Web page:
Around the world, there’s growing recognition that gender equality matters to our shared future. Instead of asking why women and girls matter, we’re now working on how we can best include them in our work.
Over the past year, the United States has made exciting progress on these issues, particularly in recognizing the challenges facing adolescent girls. Once an overlooked demographic in development efforts, adolescent girls are now seen as a unique group — no longer children, not quite adults — facing immense challenges that threaten their future.
The problems of the world’s daughters — from early and forced marriage and genital mutilation/cutting to a lack of access to health care and education — are everyone’s problems. Efforts focused on global development, human rights, economic growth and national security all stand to lose or gain ground based on how well we address the needs of adolescent girls.
They are the women of tomorrow — leaders, workers and entrepreneurs, mothers and educators.
For this reason, the United States developed a global strategy to empower these girls, which Secretary of State John Kerry launched earlier this spring. This policy roadmap brings together several US government agencies to address the various issues facing adolescent girls in a comprehensive manner, so that our efforts are smartly coordinated, implemented and measured for success.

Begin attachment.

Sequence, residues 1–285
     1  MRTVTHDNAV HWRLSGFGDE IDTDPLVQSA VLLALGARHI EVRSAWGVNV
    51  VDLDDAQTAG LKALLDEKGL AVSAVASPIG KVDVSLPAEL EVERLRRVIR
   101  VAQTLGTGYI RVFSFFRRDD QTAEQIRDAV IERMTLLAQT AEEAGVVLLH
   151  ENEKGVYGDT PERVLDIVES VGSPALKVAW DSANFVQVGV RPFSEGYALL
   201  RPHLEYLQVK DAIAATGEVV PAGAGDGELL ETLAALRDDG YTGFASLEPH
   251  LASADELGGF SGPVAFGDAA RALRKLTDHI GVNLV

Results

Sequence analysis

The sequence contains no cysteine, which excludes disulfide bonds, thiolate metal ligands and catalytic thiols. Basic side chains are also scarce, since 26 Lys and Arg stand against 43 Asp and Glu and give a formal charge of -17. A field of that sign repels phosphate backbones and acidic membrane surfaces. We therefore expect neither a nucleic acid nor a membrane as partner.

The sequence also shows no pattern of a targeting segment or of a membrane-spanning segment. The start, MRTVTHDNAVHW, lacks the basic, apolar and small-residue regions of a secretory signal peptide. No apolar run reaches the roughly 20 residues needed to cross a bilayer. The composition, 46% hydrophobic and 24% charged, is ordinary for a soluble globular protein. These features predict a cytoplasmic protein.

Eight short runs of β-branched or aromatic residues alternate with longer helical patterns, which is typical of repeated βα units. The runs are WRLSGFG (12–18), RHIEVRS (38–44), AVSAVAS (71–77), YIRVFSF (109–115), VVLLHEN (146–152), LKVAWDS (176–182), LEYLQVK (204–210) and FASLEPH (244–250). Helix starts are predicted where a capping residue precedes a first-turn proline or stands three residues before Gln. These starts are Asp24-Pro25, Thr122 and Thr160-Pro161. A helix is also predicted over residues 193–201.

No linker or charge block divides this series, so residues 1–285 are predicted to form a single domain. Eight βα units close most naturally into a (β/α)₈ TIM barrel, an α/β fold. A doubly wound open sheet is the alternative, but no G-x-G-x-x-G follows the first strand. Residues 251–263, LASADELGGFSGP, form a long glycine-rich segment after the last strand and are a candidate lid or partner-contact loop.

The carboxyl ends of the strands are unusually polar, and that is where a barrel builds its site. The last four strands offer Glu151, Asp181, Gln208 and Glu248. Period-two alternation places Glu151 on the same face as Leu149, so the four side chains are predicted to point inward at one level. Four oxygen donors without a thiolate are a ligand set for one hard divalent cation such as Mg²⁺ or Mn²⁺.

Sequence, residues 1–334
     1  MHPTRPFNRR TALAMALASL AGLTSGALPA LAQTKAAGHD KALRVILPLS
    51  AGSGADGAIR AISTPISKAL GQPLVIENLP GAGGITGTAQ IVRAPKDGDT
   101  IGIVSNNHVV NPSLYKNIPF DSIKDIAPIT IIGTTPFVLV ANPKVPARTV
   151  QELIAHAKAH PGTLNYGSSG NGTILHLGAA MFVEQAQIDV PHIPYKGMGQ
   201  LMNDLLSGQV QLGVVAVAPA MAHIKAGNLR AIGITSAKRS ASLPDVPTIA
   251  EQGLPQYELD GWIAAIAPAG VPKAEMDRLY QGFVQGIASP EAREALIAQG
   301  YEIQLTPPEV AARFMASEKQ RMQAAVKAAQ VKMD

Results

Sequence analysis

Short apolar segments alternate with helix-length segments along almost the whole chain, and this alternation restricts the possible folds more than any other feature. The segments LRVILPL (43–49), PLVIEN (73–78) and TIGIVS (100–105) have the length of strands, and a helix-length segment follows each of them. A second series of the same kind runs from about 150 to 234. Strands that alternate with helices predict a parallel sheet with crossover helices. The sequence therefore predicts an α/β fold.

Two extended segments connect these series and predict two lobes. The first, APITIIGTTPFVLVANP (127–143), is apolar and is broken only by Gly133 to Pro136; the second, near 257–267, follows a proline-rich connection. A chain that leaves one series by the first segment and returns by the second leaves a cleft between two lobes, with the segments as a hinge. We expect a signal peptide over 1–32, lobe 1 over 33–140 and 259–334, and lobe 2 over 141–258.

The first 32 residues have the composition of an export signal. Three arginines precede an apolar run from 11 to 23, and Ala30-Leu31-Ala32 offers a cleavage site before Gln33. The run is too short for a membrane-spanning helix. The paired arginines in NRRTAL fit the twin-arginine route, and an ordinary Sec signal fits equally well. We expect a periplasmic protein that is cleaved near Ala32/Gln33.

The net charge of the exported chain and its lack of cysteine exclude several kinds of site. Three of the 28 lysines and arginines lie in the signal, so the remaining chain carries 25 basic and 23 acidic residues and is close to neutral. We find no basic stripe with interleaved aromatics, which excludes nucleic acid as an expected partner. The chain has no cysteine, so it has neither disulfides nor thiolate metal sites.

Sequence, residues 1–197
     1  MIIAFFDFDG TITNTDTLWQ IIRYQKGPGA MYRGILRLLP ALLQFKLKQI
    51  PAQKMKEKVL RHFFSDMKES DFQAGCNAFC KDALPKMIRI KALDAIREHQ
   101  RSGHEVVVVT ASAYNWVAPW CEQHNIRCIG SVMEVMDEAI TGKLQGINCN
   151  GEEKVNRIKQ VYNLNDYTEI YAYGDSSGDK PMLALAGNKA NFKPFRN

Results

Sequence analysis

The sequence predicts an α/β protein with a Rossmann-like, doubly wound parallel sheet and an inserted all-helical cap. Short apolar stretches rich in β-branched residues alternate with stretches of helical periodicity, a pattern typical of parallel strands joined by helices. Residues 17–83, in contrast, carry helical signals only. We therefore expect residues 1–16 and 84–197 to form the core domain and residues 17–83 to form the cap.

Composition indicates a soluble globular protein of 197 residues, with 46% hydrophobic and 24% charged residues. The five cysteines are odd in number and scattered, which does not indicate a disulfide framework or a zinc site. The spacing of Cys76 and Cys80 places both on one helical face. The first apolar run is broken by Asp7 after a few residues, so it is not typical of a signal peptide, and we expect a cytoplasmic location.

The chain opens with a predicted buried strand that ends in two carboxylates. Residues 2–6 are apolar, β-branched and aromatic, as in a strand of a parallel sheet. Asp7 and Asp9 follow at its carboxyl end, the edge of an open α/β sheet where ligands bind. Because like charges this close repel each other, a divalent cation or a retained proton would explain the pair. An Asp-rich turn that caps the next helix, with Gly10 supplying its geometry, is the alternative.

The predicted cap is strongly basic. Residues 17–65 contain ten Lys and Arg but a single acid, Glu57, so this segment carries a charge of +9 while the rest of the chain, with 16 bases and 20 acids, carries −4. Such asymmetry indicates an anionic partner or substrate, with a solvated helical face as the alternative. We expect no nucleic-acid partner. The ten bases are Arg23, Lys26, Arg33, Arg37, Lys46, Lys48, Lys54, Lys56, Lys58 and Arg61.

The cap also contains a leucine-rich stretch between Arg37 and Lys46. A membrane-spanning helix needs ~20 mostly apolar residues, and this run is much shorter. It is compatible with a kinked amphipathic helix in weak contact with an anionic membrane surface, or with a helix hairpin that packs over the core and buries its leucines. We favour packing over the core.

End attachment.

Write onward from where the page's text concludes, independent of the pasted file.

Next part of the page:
One of those efforts is Let Girls Learn, a one-year-old Presidential initiative championed by First Lady Michelle Obama. Under its umbrella, the Peace Corps trains volunteers to help girls receive a quality education at the local level and stay in school. The Millennium Challenge Corporation focuses on livelihood and skills training to prepare girls to contribute to their country’s economy. USAID works in conflict and crisis countries to provide safe access to schools, help rebuild education systems and create alternative learning programs. And the State Department uses diplomacy, public outreach, partnerships and programs in our embassies and missions around the world to tackle country-specific challenges.
The President’s Emergency Plan for AIDS Relief (PEPFAR), along with private sector partners, is dedicating $385 million to DREAMS, a partnership to reduce new HIV infections in adolescent girls and young women in 10 sub-Saharan African countries, including Malawi and Tanzania. PEPFAR launched an $85 million DREAMS innovation challenge that includes over $40 million dedicated to helping girls remain in school — just one example of how we’re working from all angles to answer the needs of women and girls.
The State Department is working with USAID to try something we’ve never done before: an all-hands-on-deck project in Malawi and Tanzania that will clear barriers so that women and girls achieve their full potential. By focusing on safety, health and education, and working with both local and international civil society organizations, we’re harnessing vast expertise and best practices to make a difference for women and girls in these two countries.
Ultimately, we hope that as this generation grows up in a world committed to achieving the Sustainable Development Goals, both boys and girls will be fully prepared to pursue their dreams, raise healthy families, and fully participate in society. There’s no doubt they deserve nothing less.
Cathy Russell is the United States Ambassador-at-Large for Global Women’s Issues.